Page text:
It had apparently never been done in a kayak before, which gave Serrasolses another reason to celebrate after coming to a stop. When he stops, he appears to be in a euphoric state with a big grin from ear to ear.

The seasoned athlete tackled the descent last September, the start of the Chilean spring when most of the snow was still on the ground and the rivers were flowing well.

After navigating the snowy volcano and a patch of forest, Serrasolses lands in a fast flowing river

After navigating the snowy volcano and a patch of forest, Serrasolses lands in a fast flowing river

After navigating the snowy volcano and a patch of forest, Serrasolses lands in a fast flowing river

While the extreme kayaker said the adrenaline rush is a big factor in why he takes on extreme challenges, he added that the 'places, people and experiences' are the biggest thrill for him when it comes to the sport.

While the extreme kayaker said the adrenaline rush is a big factor in why he takes on extreme challenges, he added that the 'places, people and experiences' are the biggest thrill for him when it comes to the sport.

While the extreme kayaker said the adrenaline rush is a big factor in why he takes on extreme challenges, he added that the ‘places, people and experiences’ are the biggest thrill for him when it comes to the sport.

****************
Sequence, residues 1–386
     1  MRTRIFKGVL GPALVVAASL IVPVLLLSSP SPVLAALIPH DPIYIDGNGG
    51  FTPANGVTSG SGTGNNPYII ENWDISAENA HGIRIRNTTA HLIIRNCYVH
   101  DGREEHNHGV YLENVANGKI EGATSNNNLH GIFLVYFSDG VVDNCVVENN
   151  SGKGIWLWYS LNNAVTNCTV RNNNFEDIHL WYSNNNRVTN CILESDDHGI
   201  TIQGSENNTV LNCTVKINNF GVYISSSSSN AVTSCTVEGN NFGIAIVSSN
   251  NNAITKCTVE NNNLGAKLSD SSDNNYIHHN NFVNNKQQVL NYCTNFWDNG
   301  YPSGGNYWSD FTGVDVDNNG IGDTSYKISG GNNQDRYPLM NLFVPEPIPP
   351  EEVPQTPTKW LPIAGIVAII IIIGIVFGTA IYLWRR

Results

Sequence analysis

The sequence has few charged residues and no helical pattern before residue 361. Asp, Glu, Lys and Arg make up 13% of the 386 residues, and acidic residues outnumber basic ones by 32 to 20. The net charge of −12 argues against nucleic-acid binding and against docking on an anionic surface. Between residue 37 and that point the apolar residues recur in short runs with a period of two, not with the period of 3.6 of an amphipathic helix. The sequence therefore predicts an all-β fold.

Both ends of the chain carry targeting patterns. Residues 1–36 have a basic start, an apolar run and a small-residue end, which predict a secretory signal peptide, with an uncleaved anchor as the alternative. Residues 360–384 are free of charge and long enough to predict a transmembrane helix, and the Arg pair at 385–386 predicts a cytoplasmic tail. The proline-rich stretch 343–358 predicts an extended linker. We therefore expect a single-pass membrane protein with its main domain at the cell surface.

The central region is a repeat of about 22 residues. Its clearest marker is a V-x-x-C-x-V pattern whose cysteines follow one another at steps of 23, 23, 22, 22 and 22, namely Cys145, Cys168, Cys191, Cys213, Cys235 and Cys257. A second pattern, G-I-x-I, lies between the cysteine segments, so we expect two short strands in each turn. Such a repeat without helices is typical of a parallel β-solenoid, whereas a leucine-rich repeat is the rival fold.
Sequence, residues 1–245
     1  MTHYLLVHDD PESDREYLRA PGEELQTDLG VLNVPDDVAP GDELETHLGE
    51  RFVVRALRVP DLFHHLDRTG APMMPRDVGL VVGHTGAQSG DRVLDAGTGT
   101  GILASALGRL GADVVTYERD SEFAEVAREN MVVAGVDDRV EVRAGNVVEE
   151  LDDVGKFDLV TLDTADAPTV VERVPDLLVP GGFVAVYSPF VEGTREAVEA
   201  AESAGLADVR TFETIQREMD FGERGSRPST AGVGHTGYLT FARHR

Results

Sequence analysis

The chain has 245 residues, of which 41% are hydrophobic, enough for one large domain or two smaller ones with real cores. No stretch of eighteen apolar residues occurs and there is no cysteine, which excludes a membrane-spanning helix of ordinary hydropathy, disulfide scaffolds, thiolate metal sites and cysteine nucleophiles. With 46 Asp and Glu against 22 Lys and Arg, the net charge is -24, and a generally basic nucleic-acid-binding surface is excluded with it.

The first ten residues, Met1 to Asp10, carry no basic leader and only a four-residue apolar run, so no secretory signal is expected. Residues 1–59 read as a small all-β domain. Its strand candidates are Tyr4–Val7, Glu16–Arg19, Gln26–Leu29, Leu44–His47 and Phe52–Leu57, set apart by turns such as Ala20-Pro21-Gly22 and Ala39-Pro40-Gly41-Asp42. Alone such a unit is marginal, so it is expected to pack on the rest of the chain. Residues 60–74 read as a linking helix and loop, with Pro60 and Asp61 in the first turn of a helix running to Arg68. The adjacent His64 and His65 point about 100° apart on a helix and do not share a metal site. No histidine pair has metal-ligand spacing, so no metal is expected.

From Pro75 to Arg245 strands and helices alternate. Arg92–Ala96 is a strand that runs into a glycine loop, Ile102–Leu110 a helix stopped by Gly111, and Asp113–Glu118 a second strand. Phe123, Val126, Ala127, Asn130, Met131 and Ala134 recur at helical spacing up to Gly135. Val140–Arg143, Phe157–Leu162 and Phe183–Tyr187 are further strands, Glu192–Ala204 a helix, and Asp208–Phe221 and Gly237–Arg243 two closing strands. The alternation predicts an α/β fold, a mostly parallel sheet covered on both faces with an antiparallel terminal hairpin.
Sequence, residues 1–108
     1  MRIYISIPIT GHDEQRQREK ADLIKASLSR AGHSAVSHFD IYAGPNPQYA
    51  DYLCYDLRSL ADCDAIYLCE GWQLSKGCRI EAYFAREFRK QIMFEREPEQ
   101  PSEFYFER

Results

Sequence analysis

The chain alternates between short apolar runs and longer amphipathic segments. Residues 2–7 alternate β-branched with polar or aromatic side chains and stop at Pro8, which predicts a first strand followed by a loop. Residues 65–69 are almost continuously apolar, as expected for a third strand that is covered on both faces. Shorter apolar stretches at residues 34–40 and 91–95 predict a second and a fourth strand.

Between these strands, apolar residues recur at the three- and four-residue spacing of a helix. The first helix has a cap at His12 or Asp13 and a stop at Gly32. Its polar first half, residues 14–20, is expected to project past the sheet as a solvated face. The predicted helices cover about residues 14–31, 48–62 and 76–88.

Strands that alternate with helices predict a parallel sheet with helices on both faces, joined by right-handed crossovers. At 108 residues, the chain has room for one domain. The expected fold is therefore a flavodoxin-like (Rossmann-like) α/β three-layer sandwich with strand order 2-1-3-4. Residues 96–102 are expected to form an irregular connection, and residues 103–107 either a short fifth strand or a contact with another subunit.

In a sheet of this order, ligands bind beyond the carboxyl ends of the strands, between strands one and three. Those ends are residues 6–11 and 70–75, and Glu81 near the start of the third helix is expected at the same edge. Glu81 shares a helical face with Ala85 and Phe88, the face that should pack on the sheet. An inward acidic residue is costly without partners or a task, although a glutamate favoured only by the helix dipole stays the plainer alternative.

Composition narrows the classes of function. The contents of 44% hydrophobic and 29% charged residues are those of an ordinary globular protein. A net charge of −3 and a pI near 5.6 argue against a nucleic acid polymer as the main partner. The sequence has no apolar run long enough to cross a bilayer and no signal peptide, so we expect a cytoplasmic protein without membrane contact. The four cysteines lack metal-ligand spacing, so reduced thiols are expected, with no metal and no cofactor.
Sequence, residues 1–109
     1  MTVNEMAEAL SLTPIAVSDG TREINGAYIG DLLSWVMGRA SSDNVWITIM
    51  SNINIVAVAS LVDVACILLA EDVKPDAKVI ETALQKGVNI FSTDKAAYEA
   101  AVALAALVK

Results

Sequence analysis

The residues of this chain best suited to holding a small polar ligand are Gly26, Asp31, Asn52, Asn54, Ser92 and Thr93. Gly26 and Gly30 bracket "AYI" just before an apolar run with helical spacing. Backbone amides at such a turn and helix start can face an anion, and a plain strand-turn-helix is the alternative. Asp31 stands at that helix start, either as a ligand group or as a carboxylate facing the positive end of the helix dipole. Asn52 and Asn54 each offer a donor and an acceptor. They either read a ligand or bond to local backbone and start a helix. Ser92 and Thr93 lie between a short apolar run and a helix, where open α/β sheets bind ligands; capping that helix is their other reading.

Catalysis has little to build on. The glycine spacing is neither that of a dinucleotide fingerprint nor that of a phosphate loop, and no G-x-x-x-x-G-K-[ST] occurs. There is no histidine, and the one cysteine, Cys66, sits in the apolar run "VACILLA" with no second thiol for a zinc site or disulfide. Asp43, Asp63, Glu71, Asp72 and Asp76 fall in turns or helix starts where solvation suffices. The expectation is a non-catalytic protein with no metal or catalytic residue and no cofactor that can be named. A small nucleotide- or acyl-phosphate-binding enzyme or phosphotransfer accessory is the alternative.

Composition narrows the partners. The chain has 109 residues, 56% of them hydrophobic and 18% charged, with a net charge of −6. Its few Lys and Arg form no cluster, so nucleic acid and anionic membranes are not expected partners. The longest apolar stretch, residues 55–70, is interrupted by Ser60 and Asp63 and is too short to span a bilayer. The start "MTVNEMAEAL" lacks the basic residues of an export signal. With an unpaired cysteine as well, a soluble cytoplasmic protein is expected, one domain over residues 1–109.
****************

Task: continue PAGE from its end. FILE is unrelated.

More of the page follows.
With most of the athlete’s other competitions canceled due to the pandemic, he set his sights on some more ambitious projects, with the Villarrica descent being one of these.

He said, “I’ve always wanted to kayak in the snow and unite the four elements: earth, air, water, and fire. Taking advantage of the great winter Chile experienced in 2020 and the difficulties of traveling due to the situation we live in, I decided this was the year to develop the project. ‘

Before Serrasolses performed the stunt, he did a test run, but it didn’t go very well. On the practice run, he hit a bump, nearly made a 360-degree turn, and flew 30 feet (30 m) through the air before landing flat on his face.

When he comes to a gaping waterfall, Serrasolses performs a mind-boggling flip in free fall

When he comes to a gaping waterfall, Serrasolses performs a mind-boggling flip in free fall

When he comes to a gaping waterfall, Serrasolses performs a mind-boggling flip in free fall

The trick, called a `` double kick flip, '' involves doing two full rotations in the air.  Here, a stop-motion photo by Nicolas Gantz shows how the move works

The trick, called a `` double kick flip, '' involves doing two full rotations in the air.  Here, a stop-motion photo by Nicolas Gantz shows how the move works

The trick, called a “ double kick flip, ” involves doing two full rotations in the air. Here, a stop-motion photo by Nicolas Gantz shows how the move works

Fortunately, the main run went a lot smoother.

Serrasolses simply described the overall stunt as ‘quite fun’.

He added: ‘The part on the snow was kind of the hardest part, since a kayak isn’t really made for the snow, so you ride it like a sled. You’re going really fast, but you’ve gotten a little out of control. ‘

While the extreme kayaker said adrenaline is a big factor in taking on extreme challenges, he added that “ places, people and experiences ” are the biggest thrill for him when it comes to the sport.

“Also,” he mused, “everything in kayaking is about simple living. It takes you to another time where it was simpler ‘.